Also like several have posted: Farm land is at generational high prices right now. It is not the time to be buying if you can avoid it. Yes my two sons just bought land but it was right next to them. It may not come up for sale in their working life time again. You do not have that issue. You have said that you do not even know where you are going to be working so you have no idea of where you need to be looking at land.

It could very well not even be in Iowa. You will find out that there is a real wage drag in this state. That is why many of your class mates are going out of state for jobs. That drag can be as high as 50%.

Another thing. DO not buy into the trap of thinking you can buy a piece of land today and divide/sell it in a few years and make a big profit. There is very little of that kind of land here in Iowa. The current market has ten people thinking that buying ground right now.

Maybe you can find some with a ran down home that you could fix up and sell but even that market is touch right now.

I would still recommend working and saving now for a future purchase. You have too many unknown factors to make a major purchase in the next year. You need to get a job and get settled in an then start looking for a place.

A piece of land or a house that you buy before you are financially ready will turn into a nightmare real fast and could sink you.

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Rich Iowa

12-12-2012 19:43:11
173.30.131.95



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 Re: crash course on land buying (long post) in reply to JD Seller, 12-12-2012 06:47:38  
JD Seller- Some of your advice comes off a little harsh which I'm sure is not your intention, and I'm not taking it that way either. I do appreciate your helpful advice.

Those vehicle loans were when I was younger and they were used vehicles, haven't had any loan for a few years now and plan to keep it that way.

I admit I don't have lots when it comes to farming experience. Mostly providing extra labor on the farms of friend's parents, cousin's farms, and for a few years I was baling a few acres of hay by myself with less than quality equipment. Not enough experience to amount to much I know.

My degree is in criminal justice and I'm also working on getting my FF1 and EMT certifications through the vol. fire department I'm on. Public safety can be a very good paying stable career ONCE you get in it.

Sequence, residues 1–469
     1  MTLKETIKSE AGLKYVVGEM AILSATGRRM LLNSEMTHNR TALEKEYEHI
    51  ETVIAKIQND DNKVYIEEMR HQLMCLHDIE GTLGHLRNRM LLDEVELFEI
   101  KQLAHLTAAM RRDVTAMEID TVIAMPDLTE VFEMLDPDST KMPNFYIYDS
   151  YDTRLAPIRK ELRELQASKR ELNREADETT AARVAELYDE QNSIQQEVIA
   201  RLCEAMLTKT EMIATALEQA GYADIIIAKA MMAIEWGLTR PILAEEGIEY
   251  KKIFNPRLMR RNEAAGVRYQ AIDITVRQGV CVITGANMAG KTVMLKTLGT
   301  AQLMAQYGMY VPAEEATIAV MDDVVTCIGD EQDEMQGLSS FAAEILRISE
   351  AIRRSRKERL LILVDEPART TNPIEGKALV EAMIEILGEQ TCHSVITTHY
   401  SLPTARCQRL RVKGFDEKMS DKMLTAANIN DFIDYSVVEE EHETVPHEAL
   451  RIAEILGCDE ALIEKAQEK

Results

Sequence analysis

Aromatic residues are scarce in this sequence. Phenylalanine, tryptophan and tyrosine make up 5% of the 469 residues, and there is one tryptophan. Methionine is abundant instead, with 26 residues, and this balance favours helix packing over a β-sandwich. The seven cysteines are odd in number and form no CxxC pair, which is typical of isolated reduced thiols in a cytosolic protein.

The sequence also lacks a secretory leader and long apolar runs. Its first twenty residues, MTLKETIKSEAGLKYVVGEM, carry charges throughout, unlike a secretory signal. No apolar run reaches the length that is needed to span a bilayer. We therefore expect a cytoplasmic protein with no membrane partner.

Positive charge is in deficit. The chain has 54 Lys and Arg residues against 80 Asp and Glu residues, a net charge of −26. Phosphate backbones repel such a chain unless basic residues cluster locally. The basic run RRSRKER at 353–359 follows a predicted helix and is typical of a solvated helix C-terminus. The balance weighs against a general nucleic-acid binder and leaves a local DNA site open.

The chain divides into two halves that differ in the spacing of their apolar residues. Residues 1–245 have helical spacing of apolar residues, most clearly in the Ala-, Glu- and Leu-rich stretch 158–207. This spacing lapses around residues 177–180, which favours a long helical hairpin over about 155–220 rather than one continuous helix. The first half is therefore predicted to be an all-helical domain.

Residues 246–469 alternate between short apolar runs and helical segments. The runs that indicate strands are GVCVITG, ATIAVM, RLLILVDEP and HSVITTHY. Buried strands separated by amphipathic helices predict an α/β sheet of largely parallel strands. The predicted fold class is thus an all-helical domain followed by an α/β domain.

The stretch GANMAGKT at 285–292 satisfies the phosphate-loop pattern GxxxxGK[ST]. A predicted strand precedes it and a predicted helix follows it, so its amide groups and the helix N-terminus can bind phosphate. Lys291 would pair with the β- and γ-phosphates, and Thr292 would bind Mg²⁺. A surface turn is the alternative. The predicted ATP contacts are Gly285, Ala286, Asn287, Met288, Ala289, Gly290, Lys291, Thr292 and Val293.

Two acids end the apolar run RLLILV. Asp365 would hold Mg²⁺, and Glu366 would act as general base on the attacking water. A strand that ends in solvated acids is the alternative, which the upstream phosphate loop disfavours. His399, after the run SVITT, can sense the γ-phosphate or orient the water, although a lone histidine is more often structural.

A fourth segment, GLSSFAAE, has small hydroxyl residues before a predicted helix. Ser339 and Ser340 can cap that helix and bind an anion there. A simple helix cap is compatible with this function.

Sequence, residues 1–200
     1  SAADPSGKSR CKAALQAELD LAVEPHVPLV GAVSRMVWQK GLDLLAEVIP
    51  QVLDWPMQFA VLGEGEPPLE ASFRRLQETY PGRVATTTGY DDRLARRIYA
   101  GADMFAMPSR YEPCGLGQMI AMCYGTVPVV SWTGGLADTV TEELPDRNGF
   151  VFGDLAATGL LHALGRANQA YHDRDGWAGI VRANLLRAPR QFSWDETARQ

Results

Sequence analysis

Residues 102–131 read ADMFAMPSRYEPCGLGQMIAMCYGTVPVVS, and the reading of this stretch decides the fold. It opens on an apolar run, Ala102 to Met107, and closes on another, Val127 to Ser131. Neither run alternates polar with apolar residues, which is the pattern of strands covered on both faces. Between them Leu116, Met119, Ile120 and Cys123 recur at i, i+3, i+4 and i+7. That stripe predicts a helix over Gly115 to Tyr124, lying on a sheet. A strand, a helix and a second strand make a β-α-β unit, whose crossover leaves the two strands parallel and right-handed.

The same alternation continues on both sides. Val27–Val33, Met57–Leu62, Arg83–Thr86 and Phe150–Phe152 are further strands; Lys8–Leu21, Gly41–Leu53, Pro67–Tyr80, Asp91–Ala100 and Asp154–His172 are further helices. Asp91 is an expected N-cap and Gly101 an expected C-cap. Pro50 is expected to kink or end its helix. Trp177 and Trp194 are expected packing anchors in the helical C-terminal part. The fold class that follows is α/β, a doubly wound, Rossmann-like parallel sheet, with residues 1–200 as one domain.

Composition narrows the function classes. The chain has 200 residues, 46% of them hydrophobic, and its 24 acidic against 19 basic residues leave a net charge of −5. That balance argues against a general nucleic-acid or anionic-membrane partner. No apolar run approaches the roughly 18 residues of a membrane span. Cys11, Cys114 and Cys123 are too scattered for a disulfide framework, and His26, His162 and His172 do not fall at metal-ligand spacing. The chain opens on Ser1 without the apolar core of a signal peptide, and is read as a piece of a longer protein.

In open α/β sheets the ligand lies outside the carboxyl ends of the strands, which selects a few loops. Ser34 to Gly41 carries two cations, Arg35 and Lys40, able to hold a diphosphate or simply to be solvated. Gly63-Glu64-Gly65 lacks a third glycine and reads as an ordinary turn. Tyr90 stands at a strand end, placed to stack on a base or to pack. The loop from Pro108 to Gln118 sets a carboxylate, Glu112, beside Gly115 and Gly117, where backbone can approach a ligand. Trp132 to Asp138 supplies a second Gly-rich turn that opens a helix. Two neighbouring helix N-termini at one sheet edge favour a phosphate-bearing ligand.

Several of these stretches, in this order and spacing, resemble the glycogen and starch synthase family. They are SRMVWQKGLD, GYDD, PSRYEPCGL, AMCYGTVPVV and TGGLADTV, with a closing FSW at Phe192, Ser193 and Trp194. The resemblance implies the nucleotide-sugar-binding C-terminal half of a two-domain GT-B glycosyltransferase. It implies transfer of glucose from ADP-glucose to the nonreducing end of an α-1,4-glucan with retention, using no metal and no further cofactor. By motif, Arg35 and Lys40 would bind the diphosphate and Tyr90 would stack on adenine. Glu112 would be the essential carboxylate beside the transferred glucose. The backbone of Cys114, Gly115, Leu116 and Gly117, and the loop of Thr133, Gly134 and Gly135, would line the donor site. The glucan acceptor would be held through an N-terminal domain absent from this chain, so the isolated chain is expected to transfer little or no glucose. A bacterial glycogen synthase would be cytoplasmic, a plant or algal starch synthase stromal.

I agree land is extremely high priced right now and at some point these prices will not be able to sustain themselves. I don't see myself moving out of state, I like Iowa. When I do buy land I plan to live the rest of my days there. I have no intention of dividing/selling small lots, I don't want lots of folks living close by.

Like lots of others who posted on this you say I should hold off until more of the variables are figured out. I agree and that's what I'll do. Thanks again.

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Tony Vidlak

12-12-2012 04:23:20
174.74.113.200



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 Re: crash course on land buying (long post) in reply to SweetFeet, 12-12-2012 04:09:17  
Great advice that was the same advice given to me. Our place is paid for and we are completely debt free we also bought in the mid 80s. We took a fixed rate mortgage stretched it over 30 years and was able to pay it off in 12.
Tony



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SweetFeet

12-12-2012 04:30:49
70.35.103.74



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 Re: crash course on land buying (long post) in reply to Tony Vidlak, 12-12-2012 04:23:20  
Tony,

Same with us. We would've had it paid several years ago... but about 5 years we tiled the farm in order to rent it out - because renters need to be able to show up with equipment and get their work done in day. But we will get to debt free in a few short years anyway.